While Chandrayaan-3 has made its mark in the space book, a long journey has concluded successfully. After a seven-year journey through space, a NASA capsule has safely landed in the deserts of Utah, marking a historic moment in space exploration. This capsule carries large samples of an asteroid ever collected by humans, and scientists are eagerly anticipating the wealth of knowledge these samples may unlock about our solar system’s formation and Earth’s habitability. Known as the Osiris-Rex Mission, this mission has been fundamental in the history of space exploration.
The Osiris-Rex Mission
Launched in 2016, the Osiris-Rex probe reached its destination, the asteroid “Bennu,” in 2020. Throughout its mission, it managed to collect approximately nine ounces (250 grams) of dust from the asteroid’s rocky surface, though scientists had hoped for more. Japan is the only other country to have successfully returned asteroid samples, providing about a teaspoon of material.
A Historic Sample Return
NASA scientists consider this sample return to be historic, comparing it in significance to the return of the Apollo moon rocks. Even with a relatively small amount of asteroid dust, researchers believe it will offer valuable insights into the types of asteroids that could pose a threat to Earth and shed light on the early history of our solar system.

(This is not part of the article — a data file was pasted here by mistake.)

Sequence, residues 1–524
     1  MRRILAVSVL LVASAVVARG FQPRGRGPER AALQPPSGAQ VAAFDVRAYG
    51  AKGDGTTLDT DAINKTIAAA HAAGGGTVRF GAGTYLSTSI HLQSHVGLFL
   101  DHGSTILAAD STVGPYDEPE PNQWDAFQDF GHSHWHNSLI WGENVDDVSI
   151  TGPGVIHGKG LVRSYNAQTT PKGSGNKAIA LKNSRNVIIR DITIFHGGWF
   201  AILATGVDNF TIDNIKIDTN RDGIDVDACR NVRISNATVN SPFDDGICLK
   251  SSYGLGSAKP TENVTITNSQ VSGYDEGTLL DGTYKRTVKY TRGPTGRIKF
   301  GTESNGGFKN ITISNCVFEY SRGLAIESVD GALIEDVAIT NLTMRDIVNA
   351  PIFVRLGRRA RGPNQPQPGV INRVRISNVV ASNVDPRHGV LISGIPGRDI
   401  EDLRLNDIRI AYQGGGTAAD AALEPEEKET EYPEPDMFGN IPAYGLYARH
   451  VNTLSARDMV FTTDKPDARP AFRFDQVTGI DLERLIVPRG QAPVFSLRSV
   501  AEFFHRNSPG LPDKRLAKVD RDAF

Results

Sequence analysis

Fiery Re-Entry and Soft Landing
The Osiris-Rex probe made its fiery re-entry into Earth’s atmosphere, a perilous journey that took just 13 minutes. Traveling at speeds exceeding 27,000 miles per hour and enduring temperatures of up to 5,000 Fahrenheit, the capsule’s descent was closely monitored, and parachutes were successfully deployed to slow it down to about 11 mph before landing gently in the Utah desert.
Next Steps: Examination and Dissemination
Upon arrival, the precious sample will be transported to a “clean room” at a Utah test range for initial examination. Subsequently, it will be sent to NASA’s Johnson Space Center in Houston, where it will be divided into smaller specimens for distribution to around 200 scientists across 60 laboratories worldwide. NASA plans to announce its initial findings from the sample study at a news conference on October 11.
Asteroids and Our Cosmic Origin
Asteroids, like Bennu, contain materials in our solar system for billions of years, offering a unique opportunity to study the solar system’s evolution. They may provide valuable insights into how our cosmic neighborhood formed. Furthermore, these celestial bodies have played a pivotal role in shaping Earth’s history, potentially delivering essential organic materials like water, and contributing to life’s development on our planet. But what makes Bennu so unique?
Bennu, with a diameter of approximately 500 meters (1,640 feet), has garnered significant scientific interest due to its rich carbon content. Scientists suspect it may contain locked water molecules within its minerals. When the probe touched its surface in 2020, an unexpected discovery was made, revealing a surprisingly low density akin to a children’s pool filled with plastic balls. Understanding the composition of asteroids like Bennu could be crucial for future space endeavors and our comprehension of the cosmos.